Here’s something you don’t see every day: a 2-ton 1963 ranch truck with a music studio in the back.
Since last week, Lynette Clemons has been giving voice and piano lessons in the back of a truck, parked in front of Box of Bubbles at Second and E streets, called Ruby Lucille’s Music Box.
Clemons has been teaching lessons in Salida for about seven years. Her business is named Ruby Lucille’s Music Box after her two grandmothers, Ruby and Lucille.
“They’re two important people in my life,” Clemons said.
The Music Box was born out of financial necessity, she said, because studio space can be expensive here.
“We just got this crazy idea to build on the back of a truck,” Clemons said.
Her husband built the structure, and she created the “look.”
The truck’s aesthetic was inspired by circus wagons, Clemons said. The cab of the truck serves as the waiting room. Clemons said the truck’s battery has been disabled so no one in the front can drive off with it.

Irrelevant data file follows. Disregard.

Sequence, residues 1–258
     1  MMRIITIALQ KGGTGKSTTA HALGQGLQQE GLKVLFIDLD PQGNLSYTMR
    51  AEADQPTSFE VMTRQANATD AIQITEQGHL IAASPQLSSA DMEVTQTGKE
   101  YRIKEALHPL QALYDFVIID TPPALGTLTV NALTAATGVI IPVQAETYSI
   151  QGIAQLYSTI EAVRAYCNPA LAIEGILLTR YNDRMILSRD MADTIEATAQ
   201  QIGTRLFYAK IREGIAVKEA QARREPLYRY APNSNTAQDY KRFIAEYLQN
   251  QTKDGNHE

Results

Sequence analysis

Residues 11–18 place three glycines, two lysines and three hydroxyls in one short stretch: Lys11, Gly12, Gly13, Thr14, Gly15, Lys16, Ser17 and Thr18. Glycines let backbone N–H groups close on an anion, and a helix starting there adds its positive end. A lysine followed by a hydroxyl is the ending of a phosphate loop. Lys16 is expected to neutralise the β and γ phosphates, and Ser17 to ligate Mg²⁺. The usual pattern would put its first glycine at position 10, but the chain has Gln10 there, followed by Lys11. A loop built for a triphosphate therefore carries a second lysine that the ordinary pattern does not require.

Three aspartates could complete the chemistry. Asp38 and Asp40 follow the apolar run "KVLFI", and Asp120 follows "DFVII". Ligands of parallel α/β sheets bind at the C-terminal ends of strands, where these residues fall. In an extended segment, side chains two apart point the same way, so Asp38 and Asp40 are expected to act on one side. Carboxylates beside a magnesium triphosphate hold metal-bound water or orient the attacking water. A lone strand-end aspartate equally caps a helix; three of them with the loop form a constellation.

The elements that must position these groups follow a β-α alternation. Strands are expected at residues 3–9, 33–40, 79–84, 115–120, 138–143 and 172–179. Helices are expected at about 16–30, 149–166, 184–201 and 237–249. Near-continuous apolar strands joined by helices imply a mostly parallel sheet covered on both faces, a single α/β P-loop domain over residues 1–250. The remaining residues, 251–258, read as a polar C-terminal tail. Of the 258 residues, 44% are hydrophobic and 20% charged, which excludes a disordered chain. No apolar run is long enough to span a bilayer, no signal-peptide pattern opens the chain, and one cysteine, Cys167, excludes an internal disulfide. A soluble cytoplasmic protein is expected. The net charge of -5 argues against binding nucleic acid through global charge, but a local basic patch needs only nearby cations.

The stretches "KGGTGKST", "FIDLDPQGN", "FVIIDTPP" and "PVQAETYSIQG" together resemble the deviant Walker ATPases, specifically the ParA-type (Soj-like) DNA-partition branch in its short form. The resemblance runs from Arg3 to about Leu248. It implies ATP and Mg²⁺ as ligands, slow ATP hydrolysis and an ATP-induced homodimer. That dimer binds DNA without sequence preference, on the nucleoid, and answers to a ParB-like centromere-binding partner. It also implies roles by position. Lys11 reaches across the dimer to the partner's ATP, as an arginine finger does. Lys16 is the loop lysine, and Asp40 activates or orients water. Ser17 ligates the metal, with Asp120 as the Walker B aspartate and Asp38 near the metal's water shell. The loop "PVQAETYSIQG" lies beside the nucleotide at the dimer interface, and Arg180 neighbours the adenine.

A lot of the truck’s decorations, and even the truck itself, are salvaged.
“It just sort of came together,” she said.
Box of Bubbles has been great to work with, Clemons said, and it feels like a cohesive match between artistic vision and funky energy.
Clemons is originally from Kansas and went to high school in Manitou Springs. She moved to Salida from Leadville.
She grew up playing music and used to be a public school music teacher, but now she only teaches privately.
Clemons said she currently has about 50 students, about two-thirds of whom are children and one-third adults.
“As a culture we tend to consume music more than create it,” Clemons said. “It’s important to me to keep that music creating alive in people, allow them to make their own music.”
Giving lessons in the back of a truck is pretty novel, she said, but pretty much the same. She said she gets a lot of questions from the curious public.
“I’ve only had one person ask if it was a food truck,” Clemons said.
She said she likes the idea of music being an aesthetic experience, not just a listening one.
Hopefully, the environment is fun, especially for young kids, Clemons said, and she wants the kids to have positive memories of their lessons.
“I think the kids feel kind of excited, happy to come to this zany place,” she said.
The acoustics are better in the music box than in her former studios, Clemons said.
In the future the space could potentially be used for other things, though nothing definite is planned. She said she plans to have an open house during KHEN’s back-to-school block party.